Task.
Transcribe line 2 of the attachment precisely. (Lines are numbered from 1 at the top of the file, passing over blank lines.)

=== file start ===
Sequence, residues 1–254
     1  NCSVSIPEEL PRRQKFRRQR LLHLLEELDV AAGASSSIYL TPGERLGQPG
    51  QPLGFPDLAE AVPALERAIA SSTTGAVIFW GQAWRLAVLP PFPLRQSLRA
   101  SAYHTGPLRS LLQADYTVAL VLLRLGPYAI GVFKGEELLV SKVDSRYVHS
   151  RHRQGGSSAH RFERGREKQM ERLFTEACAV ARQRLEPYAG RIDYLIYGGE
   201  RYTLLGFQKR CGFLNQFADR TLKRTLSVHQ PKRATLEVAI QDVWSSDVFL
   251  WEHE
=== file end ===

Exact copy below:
     1  NCSVSIPEEL PRRQKFRRQR LLHLLEELDV AAGASSSIYL TPGERLGQPG